US House approves sanctions on Venezuela rights abusers
The US House of Representatives voted overwhelmingly Wednesday to impose targeted sanctions on Venezuelan officials responsible for violent crackdowns on anti-government protests that have left at least 42 people dead.
Washington: The US House of Representatives voted overwhelmingly Wednesday to impose targeted sanctions on Venezuelan officials responsible for violent crackdowns on anti-government protests that have left at least 42 people dead.
The bipartisan bill, should it become law, would allow President Barack Obama to freeze assets, block property and ban US visits by any former or current official of President Nicolas Maduro`s government behind the abuse.
"The Venezuelan people have sent us a distress signal for help," the bill`s author, House Republican Ileana Ros-Lehtinen, said shortly before the voice vote that encountered little if any verbalized dissent.
"Today, we answer that call by condemning the actions taken by the Maduro regime and showing our support to the people of Venezuela who are seeking liberty, freedom, human rights and justice," she added.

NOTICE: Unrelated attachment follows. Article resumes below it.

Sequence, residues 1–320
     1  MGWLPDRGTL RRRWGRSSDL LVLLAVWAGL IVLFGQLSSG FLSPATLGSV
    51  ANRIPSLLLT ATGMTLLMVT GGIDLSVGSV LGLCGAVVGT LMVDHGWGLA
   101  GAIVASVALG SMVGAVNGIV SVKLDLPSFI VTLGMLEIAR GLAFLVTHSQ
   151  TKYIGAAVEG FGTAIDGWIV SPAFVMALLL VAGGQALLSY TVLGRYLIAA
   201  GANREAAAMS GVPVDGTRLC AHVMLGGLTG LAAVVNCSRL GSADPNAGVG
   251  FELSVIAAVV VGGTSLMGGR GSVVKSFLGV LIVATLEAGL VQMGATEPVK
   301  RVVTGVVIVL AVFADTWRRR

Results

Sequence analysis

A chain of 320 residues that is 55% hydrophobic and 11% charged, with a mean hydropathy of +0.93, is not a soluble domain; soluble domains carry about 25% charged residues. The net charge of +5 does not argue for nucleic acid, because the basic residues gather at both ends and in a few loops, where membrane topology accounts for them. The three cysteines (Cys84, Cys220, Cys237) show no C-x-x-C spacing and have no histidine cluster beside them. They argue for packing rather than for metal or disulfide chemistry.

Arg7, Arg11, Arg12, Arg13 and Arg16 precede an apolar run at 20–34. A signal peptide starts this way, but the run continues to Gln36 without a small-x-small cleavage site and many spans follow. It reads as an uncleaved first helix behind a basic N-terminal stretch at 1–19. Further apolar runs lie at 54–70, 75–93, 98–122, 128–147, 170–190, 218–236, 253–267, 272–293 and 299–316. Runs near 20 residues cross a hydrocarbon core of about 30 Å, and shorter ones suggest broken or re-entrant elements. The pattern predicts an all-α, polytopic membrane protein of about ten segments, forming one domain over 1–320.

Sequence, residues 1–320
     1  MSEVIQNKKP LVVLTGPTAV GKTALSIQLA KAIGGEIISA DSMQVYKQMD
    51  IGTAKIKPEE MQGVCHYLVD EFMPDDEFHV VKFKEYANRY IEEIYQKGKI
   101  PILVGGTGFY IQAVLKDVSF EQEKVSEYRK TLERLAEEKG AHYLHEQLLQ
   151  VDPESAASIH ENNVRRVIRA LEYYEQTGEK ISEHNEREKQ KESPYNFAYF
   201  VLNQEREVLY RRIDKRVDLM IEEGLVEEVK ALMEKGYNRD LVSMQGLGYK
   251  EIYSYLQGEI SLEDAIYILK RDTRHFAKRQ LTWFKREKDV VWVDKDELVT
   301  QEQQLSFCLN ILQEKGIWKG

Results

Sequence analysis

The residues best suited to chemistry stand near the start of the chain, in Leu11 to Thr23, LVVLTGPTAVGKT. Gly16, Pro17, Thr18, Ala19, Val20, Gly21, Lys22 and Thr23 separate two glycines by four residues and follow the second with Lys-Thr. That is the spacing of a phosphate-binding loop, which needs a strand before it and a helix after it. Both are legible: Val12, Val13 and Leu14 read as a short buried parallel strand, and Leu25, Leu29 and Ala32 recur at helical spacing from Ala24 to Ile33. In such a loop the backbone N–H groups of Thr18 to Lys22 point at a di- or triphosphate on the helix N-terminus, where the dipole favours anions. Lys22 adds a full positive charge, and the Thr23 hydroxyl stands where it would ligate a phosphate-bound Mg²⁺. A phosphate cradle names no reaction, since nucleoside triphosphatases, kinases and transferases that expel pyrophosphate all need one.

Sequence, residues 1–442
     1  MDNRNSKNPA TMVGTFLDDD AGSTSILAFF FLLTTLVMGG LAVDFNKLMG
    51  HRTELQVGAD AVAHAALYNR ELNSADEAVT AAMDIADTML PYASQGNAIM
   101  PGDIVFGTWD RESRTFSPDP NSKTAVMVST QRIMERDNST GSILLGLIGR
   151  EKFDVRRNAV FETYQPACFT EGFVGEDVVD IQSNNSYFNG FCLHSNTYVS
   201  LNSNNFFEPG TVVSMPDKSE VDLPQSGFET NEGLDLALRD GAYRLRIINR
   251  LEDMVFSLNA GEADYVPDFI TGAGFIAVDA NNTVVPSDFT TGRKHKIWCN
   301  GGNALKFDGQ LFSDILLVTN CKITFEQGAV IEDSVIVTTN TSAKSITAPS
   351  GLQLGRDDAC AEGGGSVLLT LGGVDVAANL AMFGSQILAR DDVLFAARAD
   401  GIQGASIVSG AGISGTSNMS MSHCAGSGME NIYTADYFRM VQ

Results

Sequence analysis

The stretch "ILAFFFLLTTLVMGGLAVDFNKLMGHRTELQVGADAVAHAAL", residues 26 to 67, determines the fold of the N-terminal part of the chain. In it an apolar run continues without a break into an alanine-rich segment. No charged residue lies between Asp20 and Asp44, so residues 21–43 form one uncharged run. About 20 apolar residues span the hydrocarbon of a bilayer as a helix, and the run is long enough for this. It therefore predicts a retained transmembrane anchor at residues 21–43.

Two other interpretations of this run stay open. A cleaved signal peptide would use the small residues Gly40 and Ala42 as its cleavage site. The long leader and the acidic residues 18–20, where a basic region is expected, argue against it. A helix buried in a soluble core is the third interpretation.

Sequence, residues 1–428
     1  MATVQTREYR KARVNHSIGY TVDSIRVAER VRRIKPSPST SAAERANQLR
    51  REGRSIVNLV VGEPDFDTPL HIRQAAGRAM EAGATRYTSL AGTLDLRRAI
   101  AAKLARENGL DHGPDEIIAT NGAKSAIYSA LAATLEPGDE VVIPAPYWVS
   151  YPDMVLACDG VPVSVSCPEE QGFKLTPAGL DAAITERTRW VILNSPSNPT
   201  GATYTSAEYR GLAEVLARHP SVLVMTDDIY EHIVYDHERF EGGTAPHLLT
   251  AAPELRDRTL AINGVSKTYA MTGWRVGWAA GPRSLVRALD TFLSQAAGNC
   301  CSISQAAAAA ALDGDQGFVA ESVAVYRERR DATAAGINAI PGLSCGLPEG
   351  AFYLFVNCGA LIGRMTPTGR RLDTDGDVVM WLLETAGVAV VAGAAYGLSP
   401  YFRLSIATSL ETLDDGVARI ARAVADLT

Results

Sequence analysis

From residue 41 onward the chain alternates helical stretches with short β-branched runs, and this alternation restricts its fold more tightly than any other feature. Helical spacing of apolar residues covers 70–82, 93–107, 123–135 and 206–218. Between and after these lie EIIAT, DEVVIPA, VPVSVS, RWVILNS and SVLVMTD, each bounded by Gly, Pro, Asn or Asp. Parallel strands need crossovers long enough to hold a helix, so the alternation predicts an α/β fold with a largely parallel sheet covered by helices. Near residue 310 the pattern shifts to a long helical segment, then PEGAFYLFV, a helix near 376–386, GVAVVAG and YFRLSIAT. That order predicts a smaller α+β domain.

A similar measure was approved by a Senate committee and awaits a full floor vote. Should it pass, the two versions would need to be reconciled before reaching Obama`s desk.
Ros-Lehtinen and others in the House noted how Maduro forces have used intimidation, arrests, and deadly violence against protesters, many of them students, who began taking to the streets in February.
The unrest began as an outpouring of anger against the inability of Maduro, the hand-picked successor to late longtime socialist strongman Hugo Chavez, to tamp down the high crime rate.
But it quickly spread and included protests against high inflation and the lack of household basics like milk and toilet paper in the oil-rich nation.
Ros-Lehtinen said that, in addition to 42 deaths, there have been nearly 60 reported cases of torture, more than 2,000 people detained and hundreds more injured, while negotiations to end the unrest have stalled.
"All of us in Congress want nothing more than a peaceful resolution to this conflict," House Democrat Joaquin Castro told his colleagues.
The sanctions would not harm average Venezuelans "who are already suffering as a result of terrible mismanagement by their country`s leaders," Castro said.
"This bill does not touch the Venezuelan oil sector, or other parts of the country`s economy," he added.